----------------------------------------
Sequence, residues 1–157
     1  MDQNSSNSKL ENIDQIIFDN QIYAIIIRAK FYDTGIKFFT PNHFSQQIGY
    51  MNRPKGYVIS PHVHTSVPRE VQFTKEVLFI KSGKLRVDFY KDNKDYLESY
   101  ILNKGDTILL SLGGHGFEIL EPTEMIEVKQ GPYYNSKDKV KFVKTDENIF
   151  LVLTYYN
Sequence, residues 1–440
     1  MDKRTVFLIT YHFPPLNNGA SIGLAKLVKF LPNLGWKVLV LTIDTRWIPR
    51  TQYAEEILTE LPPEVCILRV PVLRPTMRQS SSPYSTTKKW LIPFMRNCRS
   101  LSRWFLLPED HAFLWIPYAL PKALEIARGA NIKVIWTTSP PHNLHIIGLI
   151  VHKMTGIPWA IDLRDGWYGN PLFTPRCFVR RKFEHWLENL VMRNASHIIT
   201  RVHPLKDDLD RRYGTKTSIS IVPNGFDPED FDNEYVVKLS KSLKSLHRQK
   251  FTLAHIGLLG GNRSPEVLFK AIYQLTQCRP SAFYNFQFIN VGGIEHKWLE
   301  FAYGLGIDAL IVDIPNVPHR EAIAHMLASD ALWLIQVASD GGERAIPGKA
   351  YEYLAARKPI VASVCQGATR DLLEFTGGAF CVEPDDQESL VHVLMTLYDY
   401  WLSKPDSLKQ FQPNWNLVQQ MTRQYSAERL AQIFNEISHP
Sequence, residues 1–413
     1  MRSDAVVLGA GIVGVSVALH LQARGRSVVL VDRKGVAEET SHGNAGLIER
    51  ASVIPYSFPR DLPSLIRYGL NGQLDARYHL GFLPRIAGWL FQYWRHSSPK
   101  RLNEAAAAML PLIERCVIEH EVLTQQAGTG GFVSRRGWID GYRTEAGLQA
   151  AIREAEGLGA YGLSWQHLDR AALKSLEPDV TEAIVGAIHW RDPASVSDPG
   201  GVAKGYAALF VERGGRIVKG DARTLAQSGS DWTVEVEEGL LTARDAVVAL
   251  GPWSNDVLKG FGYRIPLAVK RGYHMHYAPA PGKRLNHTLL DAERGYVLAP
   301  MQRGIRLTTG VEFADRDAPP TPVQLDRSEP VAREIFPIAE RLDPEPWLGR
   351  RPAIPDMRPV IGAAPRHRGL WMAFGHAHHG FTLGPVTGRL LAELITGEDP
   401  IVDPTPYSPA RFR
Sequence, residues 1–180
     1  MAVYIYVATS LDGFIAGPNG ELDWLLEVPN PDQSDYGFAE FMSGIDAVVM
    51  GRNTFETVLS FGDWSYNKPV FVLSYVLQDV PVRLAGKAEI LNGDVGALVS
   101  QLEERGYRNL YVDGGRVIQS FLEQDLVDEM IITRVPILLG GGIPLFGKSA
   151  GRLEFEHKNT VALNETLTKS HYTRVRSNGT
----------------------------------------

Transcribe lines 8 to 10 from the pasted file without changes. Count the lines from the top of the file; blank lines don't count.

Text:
    51  TQYAEEILTE LPPEVCILRV PVLRPTMRQS SSPYSTTKKW LIPFMRNCRS
   101  LSRWFLLPED HAFLWIPYAL PKALEIARGA NIKVIWTTSP PHNLHIIGLI
   151  VHKMTGIPWA IDLRDGWYGN PLFTPRCFVR RKFEHWLENL VMRNASHIIT